Rail Industry Focus

11.09.19

The next generation of rail infrastructure

Source: RTM: Aug/Sep 19

How the rail industry delivers the next generation of complex infrastructure will rely heavily on the people tasked with leading the projects, and the technology they use to do it. Faithful+Gould joined forces with Atkins at this year’s TCR Midlands to discuss the way forward.

The delivery of complex rail infrastructure is changing, and the industry must evolve in order to meet the demands of the future. The debate around project and programme management can be a tedious one though, which is why the panel of this Leaders Debate looked to the world of Wizard of Oz to visualise their point. 

Roger Hall, project director at Atkins, opened the presentation by calling for the industry to stop following in the footsteps of the Scarecrow longing for a brain – it’s time to start delivering innovation. The digital age has arrived, and the rail industry must adapt if it wants to deliver effective infrastructure. Hall’s message was not that companies should look to the future for innovation, but the present. Hall stated: “My challenge to you, the industry, is with all the digital innovations already out there, are you going to deliver?” 

The solution is courage, said Michael Odling, regional director at Faithful+Gould. He declared: “With the brains providing the solutions through digital technology, the industry and Network Rail need to be brave like the Lion, to generate ideas and bring in different skillsets and fresh talent. We need the courage to do something differently, and we need to do it quickly.” 

Keeping within the fantasied analogy, we then addressed the Tinman’s heart. Adeel Azam, also a regional director at Faithful+Gould, said the challenge facing those in infrastructure management is to deliver benefits increasingly quickly and efficiently for customers. Those key players responsible for digital technology are tasked with driving innovation, and these teams must become the beating heart of our organisations, said Azam. Technology will then help us on our journey, and achieve our customer’s desired outcomes. 

Odling argued that for the industry to successfully improve it must work together. All the characters in the railway operate with different goals, and whilst they will each be able to achieve their individual goals, without true collaboration the overall goal will not be achieved.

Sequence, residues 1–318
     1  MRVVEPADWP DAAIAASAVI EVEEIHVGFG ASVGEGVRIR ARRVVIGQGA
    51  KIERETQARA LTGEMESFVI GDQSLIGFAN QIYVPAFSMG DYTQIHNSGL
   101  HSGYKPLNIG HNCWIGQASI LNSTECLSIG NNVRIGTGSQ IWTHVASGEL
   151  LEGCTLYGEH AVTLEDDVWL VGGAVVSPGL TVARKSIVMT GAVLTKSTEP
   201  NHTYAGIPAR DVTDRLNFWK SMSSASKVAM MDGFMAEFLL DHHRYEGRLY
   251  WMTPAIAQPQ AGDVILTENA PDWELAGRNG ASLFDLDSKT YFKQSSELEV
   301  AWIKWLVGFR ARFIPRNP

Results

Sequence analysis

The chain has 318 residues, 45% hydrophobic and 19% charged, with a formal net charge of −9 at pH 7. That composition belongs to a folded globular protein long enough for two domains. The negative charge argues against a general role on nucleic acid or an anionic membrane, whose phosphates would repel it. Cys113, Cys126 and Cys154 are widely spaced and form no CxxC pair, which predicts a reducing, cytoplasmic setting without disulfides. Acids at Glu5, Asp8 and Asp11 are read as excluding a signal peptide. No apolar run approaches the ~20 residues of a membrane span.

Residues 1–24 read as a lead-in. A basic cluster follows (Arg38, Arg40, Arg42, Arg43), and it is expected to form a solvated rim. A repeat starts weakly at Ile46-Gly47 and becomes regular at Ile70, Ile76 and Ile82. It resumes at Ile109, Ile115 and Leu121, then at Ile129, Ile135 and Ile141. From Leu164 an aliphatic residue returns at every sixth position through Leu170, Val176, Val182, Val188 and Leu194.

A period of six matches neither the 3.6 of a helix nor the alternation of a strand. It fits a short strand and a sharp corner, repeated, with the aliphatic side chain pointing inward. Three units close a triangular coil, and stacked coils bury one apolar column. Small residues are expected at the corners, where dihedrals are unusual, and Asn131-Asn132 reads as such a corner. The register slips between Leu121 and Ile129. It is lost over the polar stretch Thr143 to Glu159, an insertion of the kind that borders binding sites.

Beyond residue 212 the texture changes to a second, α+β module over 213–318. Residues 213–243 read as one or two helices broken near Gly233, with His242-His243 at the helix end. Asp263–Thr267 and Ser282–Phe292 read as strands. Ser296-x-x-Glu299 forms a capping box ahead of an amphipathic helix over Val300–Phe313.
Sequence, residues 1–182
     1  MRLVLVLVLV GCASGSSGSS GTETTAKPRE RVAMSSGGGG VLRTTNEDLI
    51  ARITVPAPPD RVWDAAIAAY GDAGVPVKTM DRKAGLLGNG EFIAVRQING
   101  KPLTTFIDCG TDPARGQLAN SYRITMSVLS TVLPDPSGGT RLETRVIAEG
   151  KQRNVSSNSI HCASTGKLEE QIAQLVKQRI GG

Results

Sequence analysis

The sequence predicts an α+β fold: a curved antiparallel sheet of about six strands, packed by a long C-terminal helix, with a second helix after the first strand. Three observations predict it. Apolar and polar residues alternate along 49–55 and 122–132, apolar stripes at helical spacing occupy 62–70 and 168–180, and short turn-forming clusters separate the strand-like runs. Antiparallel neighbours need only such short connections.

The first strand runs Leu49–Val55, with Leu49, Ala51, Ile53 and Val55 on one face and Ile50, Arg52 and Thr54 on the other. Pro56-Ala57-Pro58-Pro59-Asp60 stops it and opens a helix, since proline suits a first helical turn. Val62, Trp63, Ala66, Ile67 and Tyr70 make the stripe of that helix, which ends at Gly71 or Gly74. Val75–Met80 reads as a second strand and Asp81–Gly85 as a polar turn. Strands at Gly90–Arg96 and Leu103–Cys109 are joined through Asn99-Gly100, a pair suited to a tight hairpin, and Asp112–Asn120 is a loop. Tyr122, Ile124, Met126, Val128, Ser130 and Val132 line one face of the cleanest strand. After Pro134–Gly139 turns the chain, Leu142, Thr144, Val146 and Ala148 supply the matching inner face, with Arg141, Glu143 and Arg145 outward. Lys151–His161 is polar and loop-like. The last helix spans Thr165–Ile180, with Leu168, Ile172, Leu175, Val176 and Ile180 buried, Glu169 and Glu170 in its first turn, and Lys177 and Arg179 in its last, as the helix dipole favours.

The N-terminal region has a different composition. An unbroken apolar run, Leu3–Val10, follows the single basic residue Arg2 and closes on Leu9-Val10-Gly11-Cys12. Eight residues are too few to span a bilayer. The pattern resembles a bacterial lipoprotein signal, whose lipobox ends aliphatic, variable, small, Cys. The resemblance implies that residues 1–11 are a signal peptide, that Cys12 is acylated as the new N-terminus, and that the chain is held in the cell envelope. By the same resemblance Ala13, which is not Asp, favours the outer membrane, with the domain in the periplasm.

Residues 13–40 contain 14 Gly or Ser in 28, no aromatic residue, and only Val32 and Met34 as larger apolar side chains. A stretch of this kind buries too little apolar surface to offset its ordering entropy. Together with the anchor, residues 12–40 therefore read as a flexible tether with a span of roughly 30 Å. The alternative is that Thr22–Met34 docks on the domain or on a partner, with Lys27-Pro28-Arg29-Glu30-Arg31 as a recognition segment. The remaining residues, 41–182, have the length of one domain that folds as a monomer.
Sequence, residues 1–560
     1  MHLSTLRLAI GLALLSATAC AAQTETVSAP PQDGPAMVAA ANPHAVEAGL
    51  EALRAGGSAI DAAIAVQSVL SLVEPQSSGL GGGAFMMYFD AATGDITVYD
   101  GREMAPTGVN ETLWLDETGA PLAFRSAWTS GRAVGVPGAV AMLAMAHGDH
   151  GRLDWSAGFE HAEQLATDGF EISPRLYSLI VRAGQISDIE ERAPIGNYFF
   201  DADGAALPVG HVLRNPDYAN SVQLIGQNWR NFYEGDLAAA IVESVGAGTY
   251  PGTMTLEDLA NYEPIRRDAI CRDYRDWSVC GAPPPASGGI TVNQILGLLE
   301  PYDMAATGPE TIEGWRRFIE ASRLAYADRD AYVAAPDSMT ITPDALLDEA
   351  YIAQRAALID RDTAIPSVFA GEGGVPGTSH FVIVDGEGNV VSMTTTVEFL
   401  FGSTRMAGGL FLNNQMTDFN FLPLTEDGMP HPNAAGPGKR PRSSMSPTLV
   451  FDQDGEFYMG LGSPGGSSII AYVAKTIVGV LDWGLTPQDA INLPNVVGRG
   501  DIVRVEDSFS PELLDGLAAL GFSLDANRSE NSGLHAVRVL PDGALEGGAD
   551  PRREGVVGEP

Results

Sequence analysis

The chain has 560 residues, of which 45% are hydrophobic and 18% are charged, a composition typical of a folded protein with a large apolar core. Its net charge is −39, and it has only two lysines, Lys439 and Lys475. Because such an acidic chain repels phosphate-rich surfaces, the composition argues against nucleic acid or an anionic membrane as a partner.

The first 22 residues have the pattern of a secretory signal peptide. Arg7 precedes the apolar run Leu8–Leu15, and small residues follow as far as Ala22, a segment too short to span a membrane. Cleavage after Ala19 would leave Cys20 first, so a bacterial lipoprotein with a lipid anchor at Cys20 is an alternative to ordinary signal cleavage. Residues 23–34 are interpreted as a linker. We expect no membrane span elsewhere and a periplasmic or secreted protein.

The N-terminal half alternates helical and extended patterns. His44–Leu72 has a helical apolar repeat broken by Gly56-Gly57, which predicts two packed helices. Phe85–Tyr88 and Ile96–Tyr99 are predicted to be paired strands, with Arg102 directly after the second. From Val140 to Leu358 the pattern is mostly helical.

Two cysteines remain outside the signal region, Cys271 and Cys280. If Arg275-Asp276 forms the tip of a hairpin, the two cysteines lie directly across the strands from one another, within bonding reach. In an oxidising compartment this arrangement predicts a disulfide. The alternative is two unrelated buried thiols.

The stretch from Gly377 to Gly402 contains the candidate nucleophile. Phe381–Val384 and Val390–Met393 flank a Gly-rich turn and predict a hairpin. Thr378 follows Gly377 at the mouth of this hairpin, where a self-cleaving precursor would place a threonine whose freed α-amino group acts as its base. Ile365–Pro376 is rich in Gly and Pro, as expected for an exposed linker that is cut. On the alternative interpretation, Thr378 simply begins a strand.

He said: “And that’s what we want to do, we want to deliver cost-effective solutions, not just achieving our own goals but delivering the overall target of infrastructure on the ground that is cheaper and more efficient.” The rewards of achieving this goal could even stretch beyond meeting targets. With the increasingly congested competition for the public purse, if the rail industry is able to demonstrate that it is an effective and efficient collaborative industry then more government funding will come its way. 

Azam echoed Odling’s calls for collaboration, calling the current way of doing business on the railway “confrontational”. Rail already has a lack of cross-pollination with other sectors, said Azam, but there is so much to learn from other sectors. Hall pointed out that when you sit down and list all of the really good projects the industry has delivered and the really bad ones, the positive list is huge in comparison. Odling used Birmingham New Street as an example of success achieved through collaboration. Developers, builders, TOCs, the local council, Network Rail and other parties coming together to deliver a new station, and a shopping centre on top, all whilst keeping the current station operational. 

The project proved that when we as an industry work together, we work really well, said Odling. On the other hand, he warned the railway is slow to learn its lessons. Companies move on from a successful project and lose the information and best practice, and as an industry we must learn how to do better. 

Key to delivering innovation is creativity, an area where rail has traditionally struggled. When you look at our industry, Odling explained, it’s imperative to foster an atmosphere of innovation but this tends to come from people who think outside the box and don’t know the boundaries. He suggested that when you’ve been working in the industry for a long time, your thoughts become constrained by what you know. This is why young people coming into the business is so important.

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